Teammates (3)

KHL Hockey Jeff Ulmer

18 years (so far). Hundreds of former teammates. All different personalities. Some are funny, some are serious. Some are quirky, others are as straight as an arrow. Some have left a permanent impression on me. I will feature a few ex-teammates in a short package of stories of past experiences that I hope will help others to see the different personalities and characters that I, and most certainly others, have come across through the game of hockey. Throughout the game of hockey, there are some people that once having met them, you will not forget them. There will be a few from North America and a few from playing overseas. This is the third instalment. Enjoy. 


Alexander “Sasha” Vyukhin

“Russia. Really?” White Russia, to be exact. Belarus’s (literally translated to white Russia) capital city of Minsk would be the next stop in my hockey travels. I had played a few seasons in Germany’s DEL and had a chance to make some big rubles. So I told my agent “Let’s do it. I can always go back to Germany if I hate it.”

I didn’t love it. Our coach, with whom I had chatted about my future role on the team, was fired before training camp began. It was the first year of the new Kontinental Hockey League, and Minsk was buying and selling players (and coaches, apparently) in a desperate attempt to win some games. That would prove to be difficult, as the talent level in the KHL was extremely high, and competing with big money clubs on a lower budget is very tough. But, every season brings optimism and high aspirations, so off we went…

At a pre-season tournament in Cherepovets, our Dynamo Minsk team would meet up with the host team, Severstal. We had played well and had scored a few unconventional goals. It seemed that the little stand-up style goalie could make some highlight reel saves but would then let in a goal right along the ice due to his style. I’m not sure of the score, whether we had won or lost, but the fans were treated to a shoot-out either way. 5 skaters per team would shoot, and give the host fans a little bit of bonus hockey to watch. I was one of the 5 shooters that would shoot against Cherepovets. So, I gathered my thoughts, took a few hard strides and went in on my attempt. A second into that attempt, as I was hitting the blue line, out charged the little goalie! In a crazy attempt to surprise me, he had come charging out of the crease to catch me with a wild poke-check. I calmly deked to the backhand and slid the puck into the open net as he went sliding past the top of the circles. Skating back to the bench I recall looking at him and thinking “Who in the hell is this guy?”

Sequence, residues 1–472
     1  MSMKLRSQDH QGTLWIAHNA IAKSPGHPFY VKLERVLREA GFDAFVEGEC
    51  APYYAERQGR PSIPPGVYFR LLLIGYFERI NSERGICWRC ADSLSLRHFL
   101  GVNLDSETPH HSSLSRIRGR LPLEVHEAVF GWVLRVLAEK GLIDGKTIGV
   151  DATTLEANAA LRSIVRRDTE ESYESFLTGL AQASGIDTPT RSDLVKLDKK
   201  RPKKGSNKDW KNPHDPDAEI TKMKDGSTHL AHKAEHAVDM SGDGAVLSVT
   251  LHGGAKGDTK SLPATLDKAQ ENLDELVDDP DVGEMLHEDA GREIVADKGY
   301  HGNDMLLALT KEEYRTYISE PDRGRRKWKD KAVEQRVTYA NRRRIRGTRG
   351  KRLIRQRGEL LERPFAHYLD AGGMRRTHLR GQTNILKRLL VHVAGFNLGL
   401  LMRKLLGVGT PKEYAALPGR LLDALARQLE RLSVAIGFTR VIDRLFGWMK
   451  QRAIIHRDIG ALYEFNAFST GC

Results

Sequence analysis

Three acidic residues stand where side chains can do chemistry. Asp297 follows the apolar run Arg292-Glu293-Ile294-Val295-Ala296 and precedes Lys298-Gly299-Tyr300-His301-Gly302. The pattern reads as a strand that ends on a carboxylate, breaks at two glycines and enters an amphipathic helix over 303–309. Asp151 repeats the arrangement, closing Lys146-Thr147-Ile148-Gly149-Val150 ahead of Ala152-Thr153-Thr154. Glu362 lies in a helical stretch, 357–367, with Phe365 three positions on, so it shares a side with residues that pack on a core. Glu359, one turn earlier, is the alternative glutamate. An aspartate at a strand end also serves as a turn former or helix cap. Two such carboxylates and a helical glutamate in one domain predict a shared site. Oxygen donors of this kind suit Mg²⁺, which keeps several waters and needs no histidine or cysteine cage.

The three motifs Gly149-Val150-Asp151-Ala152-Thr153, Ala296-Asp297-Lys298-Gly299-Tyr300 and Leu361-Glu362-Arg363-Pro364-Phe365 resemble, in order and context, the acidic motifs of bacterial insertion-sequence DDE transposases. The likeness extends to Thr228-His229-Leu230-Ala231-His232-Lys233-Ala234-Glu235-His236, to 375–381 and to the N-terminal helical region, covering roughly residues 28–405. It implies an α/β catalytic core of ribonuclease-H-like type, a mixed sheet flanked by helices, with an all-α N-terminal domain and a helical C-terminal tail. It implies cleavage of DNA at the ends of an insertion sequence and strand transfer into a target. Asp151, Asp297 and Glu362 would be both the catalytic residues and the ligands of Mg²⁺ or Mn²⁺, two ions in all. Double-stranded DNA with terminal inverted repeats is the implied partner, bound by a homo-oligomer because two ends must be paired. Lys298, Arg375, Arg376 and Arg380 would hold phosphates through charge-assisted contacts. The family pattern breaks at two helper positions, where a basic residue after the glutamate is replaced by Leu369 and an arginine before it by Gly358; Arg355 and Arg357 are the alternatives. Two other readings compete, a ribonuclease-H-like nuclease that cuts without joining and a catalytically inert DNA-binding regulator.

He was Alexander “Sasha” Vyukhin. A legend in the Russian Super League, naturally he would be a starting goalie for a KHL team when the new league was formed. I would not see him much the rest of that year, as after just 13 games in Minsk I collected a buyout and was playing in Switzerland by November. I would go back to Germany the next season to rejoin my former team, the Frankfurt Lions for the 2009/2010. 

Rarely do things go perfectly in hockey but that year seemed to go well for me. I led the DEL in scoring that season, and then parlayed that into a multi-year deal so that my girlfriend (now wife) Robyn and I could finally unpack. As July came and we began to get ready to fly to Frankfurt, I received a phone call that Frankfurt had gone bankrupt. There had been rumours to that effect but none of us thought that it was a serious concern. Now I had no current team and certainly no multi-year deal in the European hub that we had grown to love. So…where to next then???

Hello Siberia!  Specifically, Novokuznetsk, again in Russia’s KHL. I had played alongside defenceman Nick Angell in Frankfurt and he had signed with Novokuznetsk a few weeks prior. When Frankfurt folded, he had put in a good word for me with his team. So off I went, chasing those Russian rubles again. 

Upon arrival (Calgary-Frankfurt, Frankfurt-Moscow, Moscow-Novokuznetsk), I really didn’t know which day it was anymore. Between the hours in the air and a long layover in Moscow’s Domodedovo Airport (sweating bullets with the locals while pushing 4 bags) I was physically spent. Most of the players on the hockey team were housed in the same cement apartment building, where we would file down to hop on the team bus to head for practice. Customary morning handshakes and “Dobre utrem” (good morning) were in order for each teammate and coach before loading the bus. A few teammates didn’t live in the same building though, and we would meet them at the arena.